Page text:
The Tyrant of Belarus: Gaddafi's Friend Far, Far to the North?

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Andrey Stasevich / Belta / AFP

Libyan leader Muammar Gaddafi, left, and Belarus' President Alexander Lukashenko walk past a Belarusian honor guard in Minsk, Nov. 2, 2008

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On Feb. 27, U.N. Secretary-General Ban Ki-moon said he had learned "with deep concern" that Belarus was delivering attack helicopters to the forces of Laurent Gbagbo, the embattled President of Ivory Coast. Gbagbo was accused of stealing an election in November, and has been brutally clinging to power ever since.

Lukashenko knows about such violence. In December, his electoral victory was also disputed by international observers, and tens of thousands of protesters rallied against him in the main square of his capital, Minsk, with some trying to storm the parliament building. Police beat and arrested hundreds of them, and last week Lukashenko said he "would not have hesitated" to send in the military if those protests had posed "a real threat."

The U.S. and Europe hit Lukashenko with a new round of sanctions in January, helping to put him in the same league Gbagbo and Gaddafi are in now, says Alexander Klaskovsky, a political analyst in Minsk. "He is pushed into a corner right now," Klaskovsky says. "So he has a bit more reason to sympathize with his so-called blood brothers, who find themselves in a similar position." This is nothing new for Lukashenko. In 2010, for instance, he gave asylum to the autocratic President of Kyrgyzstan, Kurmanbek Bakiyev, who has been living comfortably in Belarus ever since he was overthrown by a mass uprising last April.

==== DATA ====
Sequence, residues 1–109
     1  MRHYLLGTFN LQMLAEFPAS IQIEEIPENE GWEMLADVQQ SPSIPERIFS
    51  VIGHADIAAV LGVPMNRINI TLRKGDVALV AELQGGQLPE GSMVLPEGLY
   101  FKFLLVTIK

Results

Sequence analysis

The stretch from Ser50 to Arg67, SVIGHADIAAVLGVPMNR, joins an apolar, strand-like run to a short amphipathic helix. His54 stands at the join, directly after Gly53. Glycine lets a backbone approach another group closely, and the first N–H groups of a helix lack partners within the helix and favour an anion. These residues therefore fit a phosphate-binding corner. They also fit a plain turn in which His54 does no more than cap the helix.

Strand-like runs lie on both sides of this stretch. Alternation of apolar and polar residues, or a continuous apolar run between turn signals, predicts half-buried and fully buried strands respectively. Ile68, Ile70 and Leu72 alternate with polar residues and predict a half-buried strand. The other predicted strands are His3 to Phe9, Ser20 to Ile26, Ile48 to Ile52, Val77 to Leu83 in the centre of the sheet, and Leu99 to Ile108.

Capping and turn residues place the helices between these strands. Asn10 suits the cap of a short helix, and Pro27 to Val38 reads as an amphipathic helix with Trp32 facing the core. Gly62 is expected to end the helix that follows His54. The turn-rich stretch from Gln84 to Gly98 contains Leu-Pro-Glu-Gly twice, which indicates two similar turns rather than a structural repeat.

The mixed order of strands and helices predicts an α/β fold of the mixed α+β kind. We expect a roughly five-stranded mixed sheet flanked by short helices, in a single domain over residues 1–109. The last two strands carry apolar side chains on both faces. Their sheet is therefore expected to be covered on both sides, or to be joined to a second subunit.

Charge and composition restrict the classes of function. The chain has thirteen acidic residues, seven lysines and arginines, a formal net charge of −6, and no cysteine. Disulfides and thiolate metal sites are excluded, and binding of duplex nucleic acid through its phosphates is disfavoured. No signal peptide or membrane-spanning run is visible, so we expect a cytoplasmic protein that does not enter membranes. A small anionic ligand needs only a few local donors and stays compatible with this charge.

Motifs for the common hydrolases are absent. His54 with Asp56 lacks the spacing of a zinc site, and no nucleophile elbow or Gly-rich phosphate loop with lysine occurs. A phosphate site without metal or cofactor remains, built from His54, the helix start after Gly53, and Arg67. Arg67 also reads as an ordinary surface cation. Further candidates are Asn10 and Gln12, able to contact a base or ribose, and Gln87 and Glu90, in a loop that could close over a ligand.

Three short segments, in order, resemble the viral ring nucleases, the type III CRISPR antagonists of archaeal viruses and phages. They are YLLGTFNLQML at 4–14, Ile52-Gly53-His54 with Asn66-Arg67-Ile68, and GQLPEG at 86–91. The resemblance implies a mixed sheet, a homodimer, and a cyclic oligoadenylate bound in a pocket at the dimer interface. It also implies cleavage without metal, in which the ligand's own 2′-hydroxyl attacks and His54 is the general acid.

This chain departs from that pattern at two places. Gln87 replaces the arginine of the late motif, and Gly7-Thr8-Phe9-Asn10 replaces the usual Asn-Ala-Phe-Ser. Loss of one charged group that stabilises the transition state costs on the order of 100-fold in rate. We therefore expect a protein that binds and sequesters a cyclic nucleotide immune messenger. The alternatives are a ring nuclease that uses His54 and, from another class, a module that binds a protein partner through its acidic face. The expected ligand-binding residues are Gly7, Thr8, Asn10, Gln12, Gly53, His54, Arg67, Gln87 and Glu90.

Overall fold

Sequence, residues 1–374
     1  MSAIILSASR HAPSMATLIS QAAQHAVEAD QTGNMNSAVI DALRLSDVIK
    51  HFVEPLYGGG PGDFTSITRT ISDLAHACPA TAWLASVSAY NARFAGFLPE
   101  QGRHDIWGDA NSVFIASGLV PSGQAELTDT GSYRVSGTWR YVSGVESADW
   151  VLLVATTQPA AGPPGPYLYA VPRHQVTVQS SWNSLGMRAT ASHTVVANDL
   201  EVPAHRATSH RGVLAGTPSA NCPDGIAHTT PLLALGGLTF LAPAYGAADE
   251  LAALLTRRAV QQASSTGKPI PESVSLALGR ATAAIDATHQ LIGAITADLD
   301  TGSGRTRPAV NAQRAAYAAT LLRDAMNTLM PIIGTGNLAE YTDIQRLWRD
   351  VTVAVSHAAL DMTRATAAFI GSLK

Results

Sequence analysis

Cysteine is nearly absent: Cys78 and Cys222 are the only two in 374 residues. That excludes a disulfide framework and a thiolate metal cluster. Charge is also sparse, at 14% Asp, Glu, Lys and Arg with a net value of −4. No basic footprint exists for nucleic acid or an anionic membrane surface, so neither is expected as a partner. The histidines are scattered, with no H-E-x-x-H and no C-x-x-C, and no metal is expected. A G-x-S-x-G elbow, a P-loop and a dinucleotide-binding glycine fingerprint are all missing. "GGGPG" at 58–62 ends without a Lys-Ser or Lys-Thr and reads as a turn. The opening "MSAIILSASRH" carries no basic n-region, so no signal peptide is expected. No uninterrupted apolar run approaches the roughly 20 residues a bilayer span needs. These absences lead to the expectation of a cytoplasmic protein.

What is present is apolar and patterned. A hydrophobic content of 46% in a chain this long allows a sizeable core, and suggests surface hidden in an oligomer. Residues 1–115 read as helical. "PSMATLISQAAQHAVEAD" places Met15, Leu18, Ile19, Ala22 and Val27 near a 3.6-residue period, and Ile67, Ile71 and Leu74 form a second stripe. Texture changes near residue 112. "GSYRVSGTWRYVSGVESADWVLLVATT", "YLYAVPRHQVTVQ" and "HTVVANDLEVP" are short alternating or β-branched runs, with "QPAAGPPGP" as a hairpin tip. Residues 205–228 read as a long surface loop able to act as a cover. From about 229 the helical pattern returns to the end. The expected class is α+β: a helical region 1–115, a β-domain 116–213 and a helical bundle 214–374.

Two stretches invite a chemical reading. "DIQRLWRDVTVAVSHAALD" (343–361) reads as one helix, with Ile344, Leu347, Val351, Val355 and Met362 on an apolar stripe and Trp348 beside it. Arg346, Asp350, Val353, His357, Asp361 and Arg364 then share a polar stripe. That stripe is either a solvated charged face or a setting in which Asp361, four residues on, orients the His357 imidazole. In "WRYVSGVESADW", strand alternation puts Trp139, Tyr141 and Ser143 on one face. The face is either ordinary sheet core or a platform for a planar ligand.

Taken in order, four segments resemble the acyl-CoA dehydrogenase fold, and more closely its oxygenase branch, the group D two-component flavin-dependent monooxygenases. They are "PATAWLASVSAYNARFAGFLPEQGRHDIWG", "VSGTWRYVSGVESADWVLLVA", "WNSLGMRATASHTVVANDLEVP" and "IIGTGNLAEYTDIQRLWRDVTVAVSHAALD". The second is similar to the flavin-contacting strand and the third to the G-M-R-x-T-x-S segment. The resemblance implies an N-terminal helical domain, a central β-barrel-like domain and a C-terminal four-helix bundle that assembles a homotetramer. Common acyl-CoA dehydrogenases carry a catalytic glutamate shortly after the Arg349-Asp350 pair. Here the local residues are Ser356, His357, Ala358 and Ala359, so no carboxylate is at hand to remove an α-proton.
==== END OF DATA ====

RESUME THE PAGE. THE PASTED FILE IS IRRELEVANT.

But Lukashenko's most powerful instinct, Klaskovsky adds, is not sympathy but self-preservation. "He is a master at thumping his chest, but he knows what lines he cannot cross. And he has never engaged in weapons trades when the spotlight of U.N. sanctions is really shining down."

So any military support Belarus has been giving Libya has likely been cut by the U.N. embargo, ironically imposed on the same day that Gaddafi lost another lifeline from Eastern Europe. On Sunday, his Ukrainian nurse, famously described in a U.S. diplomatic cable as "a voluptuous blonde," flew home after having cared for Gaddafi for years. Her loyalty, however, seems not to have waned. "Papa is good, Papa is for ever," Galyna Kolotnytska was heard saying about Gaddafi by one of her fellow passengers, according to the Reuters news agency. "Gaddafi will win. In a month and a half to two months, we will be going back there."

Good luck with that. But if "Papa" and his fighters fail to overcome the revolt, the Libyan leader could still have the option of seeking refuge in Belarus. It would be a little cold for him to pitch his tent in the winter, but it may be a better option than the International Criminal Court in the Hague.

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